While the demonstrated utility of surgery for improving outcome in the patients with severe carotid stenoses is an important advance, complication rates, while acceptable, leave room for improvement. Carotid artery balloon angioplasty and stenting offer the same efficacy and less morbidity. It’s advantages over surgery include, the ability to monitor the neurological status during the entire procedure, to reach very high cervical and petrous level stenosis and to avoid the 7.6% risk of cranial nerve injury as reported in NASCET. Other indications for considering an endovascular approach include such conditions as radiation-induced carotid fibrosis, fibromuscular dysplasia and severe medical co-morbidity. Contralateral carotid occlusion has also been proposed as an indication for angioplasty and stenting. Dissection, with or without pseudoaneurysm, may also occasionally be treated effectively with angioplasty and stenting.

Since its development by Gruentzig in early 1970, the use of balloon angioplasty for the treatment of atherosclerotic and other stenoses has gained wide acceptance (6). The CAVATAS study compares the surgery and angioplasty (7). A large number of series of carotid angioplasty and stenting studies have been published. The major ones include those by Theron etal (8), Diethrich etal (9) and Henry etal (10).

The most important persistent risks shared by the CEA and PTA procedures are stroke and death (11) Wholey etal (12) published a review of 2048 PTAS procedures. These results show that CEA and PTAS are nearly equal in terms of procedure related deficits and stroke. Thus, the role of cerebral protection devices came into existence, in an attempt to prevent stroke which is the most worrisome complication of the procedure. Different studies conducted by Wholey etal , Al-Mubarak etal and Kasturp etal showed a reduction of about 50 % in the stroke rate by using a protective device during the carotid artery stenting procedure (13),(14),(1)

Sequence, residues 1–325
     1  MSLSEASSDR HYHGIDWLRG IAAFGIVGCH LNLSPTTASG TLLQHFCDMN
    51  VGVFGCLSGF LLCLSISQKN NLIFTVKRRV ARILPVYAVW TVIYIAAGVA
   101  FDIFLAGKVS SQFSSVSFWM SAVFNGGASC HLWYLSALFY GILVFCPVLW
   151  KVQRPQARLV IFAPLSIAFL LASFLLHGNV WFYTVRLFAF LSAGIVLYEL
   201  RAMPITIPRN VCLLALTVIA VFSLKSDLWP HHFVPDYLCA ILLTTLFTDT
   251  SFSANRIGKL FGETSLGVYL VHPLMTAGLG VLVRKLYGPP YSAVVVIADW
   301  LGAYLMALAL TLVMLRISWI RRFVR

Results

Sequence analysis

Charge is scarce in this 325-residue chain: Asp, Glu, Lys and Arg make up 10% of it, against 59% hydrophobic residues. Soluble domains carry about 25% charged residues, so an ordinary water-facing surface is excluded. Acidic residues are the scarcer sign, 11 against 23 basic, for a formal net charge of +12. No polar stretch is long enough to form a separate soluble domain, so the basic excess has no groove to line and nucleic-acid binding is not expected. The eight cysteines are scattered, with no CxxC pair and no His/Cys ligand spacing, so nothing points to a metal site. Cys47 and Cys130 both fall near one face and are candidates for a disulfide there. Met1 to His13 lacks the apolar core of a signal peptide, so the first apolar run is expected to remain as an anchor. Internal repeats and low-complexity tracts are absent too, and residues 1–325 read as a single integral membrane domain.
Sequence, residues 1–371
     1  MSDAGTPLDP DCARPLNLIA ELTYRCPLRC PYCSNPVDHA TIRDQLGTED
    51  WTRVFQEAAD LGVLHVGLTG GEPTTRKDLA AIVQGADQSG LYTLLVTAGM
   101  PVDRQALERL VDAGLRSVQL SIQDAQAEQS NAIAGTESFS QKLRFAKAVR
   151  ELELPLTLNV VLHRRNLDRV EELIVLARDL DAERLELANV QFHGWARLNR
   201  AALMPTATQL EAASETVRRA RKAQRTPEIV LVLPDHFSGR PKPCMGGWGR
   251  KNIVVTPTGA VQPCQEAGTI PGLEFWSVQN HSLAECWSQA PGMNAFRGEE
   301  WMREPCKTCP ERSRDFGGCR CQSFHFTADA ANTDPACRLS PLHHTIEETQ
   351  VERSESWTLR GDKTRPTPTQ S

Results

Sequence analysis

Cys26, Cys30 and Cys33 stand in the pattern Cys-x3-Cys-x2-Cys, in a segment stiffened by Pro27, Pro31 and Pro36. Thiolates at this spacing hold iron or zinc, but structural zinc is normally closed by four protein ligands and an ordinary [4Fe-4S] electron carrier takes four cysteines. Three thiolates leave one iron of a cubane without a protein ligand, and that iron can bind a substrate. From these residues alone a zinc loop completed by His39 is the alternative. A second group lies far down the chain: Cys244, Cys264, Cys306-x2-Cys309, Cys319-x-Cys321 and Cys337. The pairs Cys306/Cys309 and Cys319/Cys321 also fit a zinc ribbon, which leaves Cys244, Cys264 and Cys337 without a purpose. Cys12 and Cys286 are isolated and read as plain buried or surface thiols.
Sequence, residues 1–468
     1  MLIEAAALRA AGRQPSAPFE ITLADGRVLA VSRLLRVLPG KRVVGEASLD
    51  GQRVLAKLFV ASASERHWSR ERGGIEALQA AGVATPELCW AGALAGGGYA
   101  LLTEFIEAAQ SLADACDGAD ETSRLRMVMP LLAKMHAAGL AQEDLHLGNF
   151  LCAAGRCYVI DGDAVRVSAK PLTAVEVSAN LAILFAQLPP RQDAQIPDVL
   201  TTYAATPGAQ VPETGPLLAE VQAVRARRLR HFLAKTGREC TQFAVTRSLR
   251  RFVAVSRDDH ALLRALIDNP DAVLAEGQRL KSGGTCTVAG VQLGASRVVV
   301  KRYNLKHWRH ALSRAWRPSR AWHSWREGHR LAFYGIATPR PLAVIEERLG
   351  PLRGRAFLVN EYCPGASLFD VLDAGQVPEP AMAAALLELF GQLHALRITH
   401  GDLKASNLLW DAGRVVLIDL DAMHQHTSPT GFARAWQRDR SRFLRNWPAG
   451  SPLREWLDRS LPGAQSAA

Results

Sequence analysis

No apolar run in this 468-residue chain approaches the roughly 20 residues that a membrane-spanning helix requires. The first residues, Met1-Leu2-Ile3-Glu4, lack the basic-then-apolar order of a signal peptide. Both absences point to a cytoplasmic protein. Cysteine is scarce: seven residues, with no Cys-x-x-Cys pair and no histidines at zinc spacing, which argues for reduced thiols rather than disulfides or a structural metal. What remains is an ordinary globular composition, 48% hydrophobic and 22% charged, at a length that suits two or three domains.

A majority of the patients who were included in our study had associated co morbidities, which further added to the risk factor of the occurrence of stroke in these patients. Hence, the intraprocedural risk of distal migration of the embolic material during carotid arterial stenting was high in this group. Distal protective devices have been shown to be safe and effective in preventing distal embolisation. They are categorised as Distal occlusion Balloons and Filters. Distal occlusion balloon is of lower crossing profile, but causes temporary cessation of blood flow during the procedure. We used Percusurge which is of this type in three patients in the initial period. Though we did not encounter any adverse effects in these three patients, this temporary cessation may not be tolerated in all the patients. The series published by Henry etal (15) is the first clinical experience using the PercuSurge Guidewire system.

The largest consecutive series of carotid stent implantation using filter devices for cerebral protection, emphasizing the reduction in the risk of embolisation, was published by Bernhard Reimers (16). Filter devices maintain the antegrade flow as against the interrupted flow caused by the distal occlusion balloons. The filter devices were used in 63 patients. EPI (Embolic protection Incorporated cerebral protection device) by BOSTON scientific were used in 56 patients. Emboshield by Abbot was used in 2 patients and Spider by ev3 was used in 5 patients.

In the study by Reimers etal, macroscopic debris was seen in 53% of their cases. Embolic material was demonstrated in the device in 28 of our cases. Major cardiac events occurred in 2.3% of their series, but we did not encounter any such events in our study.

Zahn etal, in their study, compared the effectiveness of both the distal occlusion balloon and Filter Embolic protective devices and showed that Filter Embolic protective device is by far the most preferred choice (17)